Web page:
Korea is a land of contrasts. Ancient temples and palaces nestle into hillsides as high-rise apartment buildings spring up everywhere. It is one of the most wired, tech-savvy nations in the world, but is also filled with tradition-al markets and rice paddies. A long flight from the U.S., it requires only short hops to China, Japan, Thailand and other places in Asia.

"Korea is a beautiful country," said Lt. Gen. Joseph F. Fil, com-mander of 8th U.S. Army. "The people are so kind and courteous. It's just a wonderful country ... it's a hard-work tour, but it's not a hardship tour. It's a great place to be assigned. We seek to make this the dream assignment for Soldiers."

The days when Soldiers com-plained of dirt roads and few facilities are long gone. Today it is, many Soldiers say, a wonderful place to spend a year, or two or three. If Soldiers come unaccompanied, the tour length is one year, and if they receive command-sponsored tours, it's two years. Soldiers can also receive assignment-incentive pay for extending and remaining a maximum of three years.

"I requested it," said mechanic Spc. Lonnie Fletcher, stationed at Yongsan Garrison in Seoul. "I heard it was the assignment of choice. Why not go to a different country' I'm in the Army, so I might as well go somewhere I've never been before."

He and his wife, Sgt. Delaina Lynn Fletcher, said they enjoy the local culture in Seoul and urge Sol-diers to spend time off post. Local shopping districts like Itaewon and the Namdaemun market seem to be particular favorites of Soldiers, as is traditional Korean barbeque, which diners grill right at the table.

"I love it here. I could walk around for hours. Sometimes we catch the bus and go eat and shop and walk around. You see people, meet people," said Pfc. Kelly Mitchell, a human-resources specialist at Yong-san.

Seoul has extensive subway, train and bus systems, with stops stretch-ing about an hour north and south, convenient to camps Casey and Humphreys. Free military buses also connect outlying U.S. installations with Yongsan, so getting around is fairly easy, Soldiers said, even though enlisted Soldiers arenAca,!a,,ct allowed to have cars.

Morale, welfare and recreation offices; the United Service Organiza-tion; and Better Opportunities for Single Soldiers offer subsidized tours of local attractions, the Demilitarized Zone, cities like Beijing and Tokyo, Jejudo Island and the beach to help Soldiers take advantage of living and working in another country.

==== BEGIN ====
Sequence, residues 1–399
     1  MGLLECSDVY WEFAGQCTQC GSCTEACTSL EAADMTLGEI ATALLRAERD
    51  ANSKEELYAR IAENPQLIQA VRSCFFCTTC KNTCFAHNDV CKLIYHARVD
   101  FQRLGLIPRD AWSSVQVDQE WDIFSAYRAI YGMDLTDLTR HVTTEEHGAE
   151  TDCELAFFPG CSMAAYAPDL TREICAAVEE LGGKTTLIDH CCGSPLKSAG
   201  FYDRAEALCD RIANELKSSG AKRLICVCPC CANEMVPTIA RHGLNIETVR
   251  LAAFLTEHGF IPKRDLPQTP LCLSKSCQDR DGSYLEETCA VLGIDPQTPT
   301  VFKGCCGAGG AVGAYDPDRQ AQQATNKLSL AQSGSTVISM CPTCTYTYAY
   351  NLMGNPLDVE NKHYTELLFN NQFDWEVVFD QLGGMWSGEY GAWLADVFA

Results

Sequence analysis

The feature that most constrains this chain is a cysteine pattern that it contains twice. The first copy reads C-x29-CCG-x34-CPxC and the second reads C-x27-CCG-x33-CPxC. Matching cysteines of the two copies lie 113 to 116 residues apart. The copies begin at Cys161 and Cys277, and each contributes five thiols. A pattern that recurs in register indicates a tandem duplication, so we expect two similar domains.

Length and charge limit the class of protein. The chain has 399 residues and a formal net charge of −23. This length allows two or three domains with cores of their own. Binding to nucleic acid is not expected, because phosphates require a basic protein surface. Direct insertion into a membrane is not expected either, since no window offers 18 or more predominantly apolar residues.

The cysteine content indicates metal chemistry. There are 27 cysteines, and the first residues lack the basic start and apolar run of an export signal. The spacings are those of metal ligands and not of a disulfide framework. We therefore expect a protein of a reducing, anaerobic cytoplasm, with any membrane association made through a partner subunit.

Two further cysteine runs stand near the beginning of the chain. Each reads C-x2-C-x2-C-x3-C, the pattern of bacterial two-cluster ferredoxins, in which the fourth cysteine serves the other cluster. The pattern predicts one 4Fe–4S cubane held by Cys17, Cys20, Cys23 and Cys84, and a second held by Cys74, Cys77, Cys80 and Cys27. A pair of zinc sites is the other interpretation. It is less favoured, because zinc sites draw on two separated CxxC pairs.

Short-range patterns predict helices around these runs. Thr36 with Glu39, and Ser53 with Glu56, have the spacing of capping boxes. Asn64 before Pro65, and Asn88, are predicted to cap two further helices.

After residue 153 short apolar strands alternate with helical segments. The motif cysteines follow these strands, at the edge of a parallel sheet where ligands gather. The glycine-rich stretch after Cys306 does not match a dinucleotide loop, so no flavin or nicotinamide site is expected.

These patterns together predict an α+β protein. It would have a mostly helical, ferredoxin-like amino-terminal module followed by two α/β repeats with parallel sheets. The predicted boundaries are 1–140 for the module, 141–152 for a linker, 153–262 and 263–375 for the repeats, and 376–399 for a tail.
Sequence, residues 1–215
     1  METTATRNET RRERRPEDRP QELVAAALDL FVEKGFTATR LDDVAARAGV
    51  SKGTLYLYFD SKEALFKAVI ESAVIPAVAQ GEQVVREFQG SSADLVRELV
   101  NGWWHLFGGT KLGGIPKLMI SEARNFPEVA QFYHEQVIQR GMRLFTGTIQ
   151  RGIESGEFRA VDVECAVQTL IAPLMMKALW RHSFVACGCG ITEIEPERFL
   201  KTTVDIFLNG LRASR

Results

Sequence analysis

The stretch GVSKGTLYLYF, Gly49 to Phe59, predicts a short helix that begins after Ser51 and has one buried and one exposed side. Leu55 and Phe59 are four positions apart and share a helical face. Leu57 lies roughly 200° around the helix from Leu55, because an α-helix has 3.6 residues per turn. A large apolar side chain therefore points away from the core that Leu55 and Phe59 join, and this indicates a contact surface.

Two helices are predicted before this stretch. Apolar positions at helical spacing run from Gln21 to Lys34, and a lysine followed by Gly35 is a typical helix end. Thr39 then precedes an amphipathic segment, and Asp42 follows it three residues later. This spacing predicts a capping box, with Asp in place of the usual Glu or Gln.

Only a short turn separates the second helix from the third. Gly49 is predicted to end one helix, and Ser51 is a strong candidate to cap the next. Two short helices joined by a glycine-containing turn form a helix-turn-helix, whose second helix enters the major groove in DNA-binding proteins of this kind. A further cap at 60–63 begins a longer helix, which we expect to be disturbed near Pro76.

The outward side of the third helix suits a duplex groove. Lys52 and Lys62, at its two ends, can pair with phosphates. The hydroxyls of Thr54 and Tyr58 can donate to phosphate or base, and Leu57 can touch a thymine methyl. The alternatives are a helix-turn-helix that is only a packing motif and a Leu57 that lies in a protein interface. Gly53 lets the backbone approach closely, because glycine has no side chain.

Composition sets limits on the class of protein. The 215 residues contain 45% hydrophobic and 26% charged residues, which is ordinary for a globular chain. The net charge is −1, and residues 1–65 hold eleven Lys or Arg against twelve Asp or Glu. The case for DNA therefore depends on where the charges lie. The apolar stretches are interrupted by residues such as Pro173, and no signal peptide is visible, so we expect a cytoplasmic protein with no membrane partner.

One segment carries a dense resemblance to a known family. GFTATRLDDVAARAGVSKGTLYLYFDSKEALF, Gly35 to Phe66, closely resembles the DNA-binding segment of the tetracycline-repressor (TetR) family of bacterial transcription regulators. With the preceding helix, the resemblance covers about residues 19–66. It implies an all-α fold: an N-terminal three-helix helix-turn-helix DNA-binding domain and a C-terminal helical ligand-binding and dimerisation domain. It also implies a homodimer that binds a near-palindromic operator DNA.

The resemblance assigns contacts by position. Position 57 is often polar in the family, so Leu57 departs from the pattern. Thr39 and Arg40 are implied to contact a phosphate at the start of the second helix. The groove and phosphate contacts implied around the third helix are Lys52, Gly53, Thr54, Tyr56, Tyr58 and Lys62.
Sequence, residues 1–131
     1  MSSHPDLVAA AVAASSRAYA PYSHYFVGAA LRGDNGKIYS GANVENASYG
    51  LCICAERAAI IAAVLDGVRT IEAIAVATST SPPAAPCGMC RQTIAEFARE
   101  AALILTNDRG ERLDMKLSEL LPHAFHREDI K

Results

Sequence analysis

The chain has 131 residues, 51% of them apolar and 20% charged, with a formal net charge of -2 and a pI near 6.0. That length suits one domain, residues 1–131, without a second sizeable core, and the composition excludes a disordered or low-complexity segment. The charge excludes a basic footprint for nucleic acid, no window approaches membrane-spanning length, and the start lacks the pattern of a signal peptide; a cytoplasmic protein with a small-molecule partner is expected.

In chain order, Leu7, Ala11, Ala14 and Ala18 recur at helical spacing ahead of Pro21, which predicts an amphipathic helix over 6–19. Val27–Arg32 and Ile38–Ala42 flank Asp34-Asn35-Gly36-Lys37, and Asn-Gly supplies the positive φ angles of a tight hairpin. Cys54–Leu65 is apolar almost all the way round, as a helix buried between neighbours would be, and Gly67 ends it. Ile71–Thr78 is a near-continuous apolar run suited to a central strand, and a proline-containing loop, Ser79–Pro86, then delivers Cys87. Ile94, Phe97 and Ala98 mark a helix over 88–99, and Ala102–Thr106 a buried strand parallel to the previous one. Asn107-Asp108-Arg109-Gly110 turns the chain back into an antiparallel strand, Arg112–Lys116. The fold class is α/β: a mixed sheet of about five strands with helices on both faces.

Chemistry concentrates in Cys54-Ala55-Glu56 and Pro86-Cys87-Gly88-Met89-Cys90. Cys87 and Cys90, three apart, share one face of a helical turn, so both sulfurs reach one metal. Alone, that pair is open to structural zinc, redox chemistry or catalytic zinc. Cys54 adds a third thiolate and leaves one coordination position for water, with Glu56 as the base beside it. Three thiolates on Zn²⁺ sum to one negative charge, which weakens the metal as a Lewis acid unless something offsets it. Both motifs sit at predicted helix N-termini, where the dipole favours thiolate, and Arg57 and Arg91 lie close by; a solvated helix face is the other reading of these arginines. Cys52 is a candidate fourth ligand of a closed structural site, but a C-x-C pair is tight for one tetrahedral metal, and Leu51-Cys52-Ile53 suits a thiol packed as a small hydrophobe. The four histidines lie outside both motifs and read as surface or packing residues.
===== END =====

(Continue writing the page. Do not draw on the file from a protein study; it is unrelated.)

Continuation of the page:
Aca,!A"We want Soldiers to have a wonderful time while they are here,Aca,!A? said Fil. Aca,!A"Learning about Korean culture. Developing relationships with our Korean neighbors. Getting out and exploring all the beauty, scen-ery and culture of Korea. Exploring the Orient. We want to create every single opportunity for our Soldiers to do that.Aca,!A?

The post schools teach service-membersAca,!a,,c children about KoreaAca,!a,,cs language and the culture, and MWR offers Hangul-language classes to Soldiers as well; some Soldiers even study it on their own. Others, like Pfc. Jose Burgos, volunteered for duty in Korea to explore a specific aspect of the culture.

He has a black belt in tae kwon do, a Korean martial art, and wanted to study it with Korean teachers. He trains at the Yongsan MWR center three days a week, and twice a week off post. He said he found that tae kwon do is far different in Korea than in America Aca,!" far more philosophi-cal and important to overall physical fitness.

Because so many Soldiers are new to the Army and foreign assign-ments, the 8th U.S. Army and 2nd Infantry Division ensure Soldiers and families undergo cultural-awareness training as part of their initial orienta-tion. Soldiers are also encouraged to pair up with Korean Augmentees to the United States Army. KATUSAs are fulfilling their compulsory service to South KoreaAca,!a,,cs army, but are serv-ing in American units. They eat, live and train with their U.S. counterparts.

KATUSAs, some of whom have lived or studied in the United States, also show American Soldiers the ropes: explaining menus, the exten-sive subway system and often acting as unofficial tour guides. Soldiers and KATUSAs also learn about each otherAca,!a,,cs languages and beliefs.